Zaha has long agitated for a move to a club playing European football, but has found his path away from the Eagles blocked, with his value to Palace outweighing the sums that suitors are prepared to spend.

Zaha came close to leaving in 2019 with Everton and Arsenal interested, though was priced out of a move with Palace rejecting one offer in excess of £70m.

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No side is likely to approach with a figure anywhere close to that valuation this summer, though Palace must weigh up whether to allow Zaha – who has made nearly 400 appearances across two spells – the opportunity to test himself at a higher level should bids arrive.

  • Find a reliable goalscorer

Zaha’s potential exit could leave Crystal Palace in search of a reliable goalscorer, with the Ivorian having finished as the Eagles’ leading scorer with 11 Premier League goals in 2020/21.

Christian Benteke’s late season run of form earned him a new contract as the Belgian finished with 10 goals for the campaign, though the 30-year-old scored just six league goals across the previous three seasons combined.

No other player scored more than four in the Premier League last season and Palace will need more avenues to goal if they are to avoid a season of struggle in the top flight next term.

  • Invest in youth

Palace’s management of their squad has been criminal in recent seasons with their July 1 released list containing 11 senior players, names such as Andros Townsend, Gary Cahill, James McCarthy, Patrick van Aanholt and Mamadou Sakho allowed to walk away.

Of the threadbare squad left at Selhurst Park, more than a third are aged over 30 and signing players for the future should be of paramount importance to Vieira and his recruitment team.

Palace made positive moves towards lowering the average age with the signings of Eberechi Eze and Nathan Ferguson last summer, with additions of a similar profile essential if the club are to avoid further mass change in the near future.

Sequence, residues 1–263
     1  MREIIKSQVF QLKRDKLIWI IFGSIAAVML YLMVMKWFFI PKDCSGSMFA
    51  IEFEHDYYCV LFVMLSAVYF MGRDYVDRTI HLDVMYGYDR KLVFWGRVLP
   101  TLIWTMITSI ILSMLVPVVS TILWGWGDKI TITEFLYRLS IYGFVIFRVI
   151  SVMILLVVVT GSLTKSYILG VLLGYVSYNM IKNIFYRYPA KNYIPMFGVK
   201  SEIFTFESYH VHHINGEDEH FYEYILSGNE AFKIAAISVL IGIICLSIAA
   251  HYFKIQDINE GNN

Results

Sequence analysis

• Shop for bargains

The huge number of players released on a free transfer has left Crystal Palace with a squad lacking the required depth for a Premier League campaign, one that is just a few injuries away from looking vastly out of its depth.

Recent reports have suggested that Vieira is set to be handed a healthy transfer budget despite the financial impact of the pandemic, which will certainly help as he plans for a mass overhaul of his squad.

Improving quality and quantity simultaneously can be difficult however, and the Eagles should be on alert for any potential bargains as the club seek depth this summer.

John Lundstram – who has walked away from Sheffield United on a free transfer – has been linked, as has fellow free agent Nikola Maksimovic following his departure from Napoli.

Vieira’s contacts at both Arsenal and Manchester City could also prove useful, in securing promising talents or unwanted senior stars on potential loan deals.

Read – The overseas coaches to have managed the most Premier League sides

Read Also – Player Analysis: Why Jadon Sancho is the perfect fit for Manchester United

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The post Nuno, Rafa, Vieira – The ‘to-do list’ awaiting each newly appointed manager first appeared on The Football Faithful.

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Author: Harry Diamond